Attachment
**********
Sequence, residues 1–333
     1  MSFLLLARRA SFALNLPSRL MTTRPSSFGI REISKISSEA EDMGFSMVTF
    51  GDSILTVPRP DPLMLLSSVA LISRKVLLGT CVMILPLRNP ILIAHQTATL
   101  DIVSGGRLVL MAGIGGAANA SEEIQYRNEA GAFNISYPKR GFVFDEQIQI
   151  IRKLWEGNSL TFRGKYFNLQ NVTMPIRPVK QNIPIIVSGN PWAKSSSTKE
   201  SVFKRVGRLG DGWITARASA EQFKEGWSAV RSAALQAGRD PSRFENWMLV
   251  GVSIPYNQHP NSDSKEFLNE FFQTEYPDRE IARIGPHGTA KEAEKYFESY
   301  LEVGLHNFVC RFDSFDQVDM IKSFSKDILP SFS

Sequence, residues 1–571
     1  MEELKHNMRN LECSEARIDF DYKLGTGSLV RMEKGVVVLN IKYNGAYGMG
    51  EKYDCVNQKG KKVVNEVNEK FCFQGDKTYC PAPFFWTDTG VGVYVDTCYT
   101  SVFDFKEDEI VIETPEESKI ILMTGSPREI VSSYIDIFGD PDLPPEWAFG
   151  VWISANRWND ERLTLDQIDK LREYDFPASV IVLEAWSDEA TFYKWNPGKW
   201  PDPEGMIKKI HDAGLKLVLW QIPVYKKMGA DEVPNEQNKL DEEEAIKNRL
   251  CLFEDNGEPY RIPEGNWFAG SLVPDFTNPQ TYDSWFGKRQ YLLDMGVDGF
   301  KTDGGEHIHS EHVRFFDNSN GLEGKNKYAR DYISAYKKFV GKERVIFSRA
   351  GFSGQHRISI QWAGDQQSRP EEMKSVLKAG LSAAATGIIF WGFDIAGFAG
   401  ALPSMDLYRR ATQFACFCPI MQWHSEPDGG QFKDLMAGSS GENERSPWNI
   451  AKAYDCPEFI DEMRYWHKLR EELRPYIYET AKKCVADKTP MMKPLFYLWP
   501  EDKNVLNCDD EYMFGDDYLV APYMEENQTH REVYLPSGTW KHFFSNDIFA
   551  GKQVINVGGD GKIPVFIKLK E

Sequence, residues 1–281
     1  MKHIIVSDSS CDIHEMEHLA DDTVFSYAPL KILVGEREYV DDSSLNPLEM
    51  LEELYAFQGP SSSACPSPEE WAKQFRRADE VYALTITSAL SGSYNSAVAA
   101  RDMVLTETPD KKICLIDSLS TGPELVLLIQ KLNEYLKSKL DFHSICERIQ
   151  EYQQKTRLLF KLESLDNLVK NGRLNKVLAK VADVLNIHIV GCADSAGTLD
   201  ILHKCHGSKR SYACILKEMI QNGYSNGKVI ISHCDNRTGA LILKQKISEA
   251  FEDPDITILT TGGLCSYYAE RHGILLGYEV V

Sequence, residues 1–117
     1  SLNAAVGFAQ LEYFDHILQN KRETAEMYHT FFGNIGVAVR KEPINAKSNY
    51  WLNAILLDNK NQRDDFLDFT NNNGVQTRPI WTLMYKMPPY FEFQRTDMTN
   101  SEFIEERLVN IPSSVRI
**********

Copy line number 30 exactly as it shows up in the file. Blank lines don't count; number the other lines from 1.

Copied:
     1  SLNAAVGFAQ LEYFDHILQN KRETAEMYHT FFGNIGVAVR KEPINAKSNY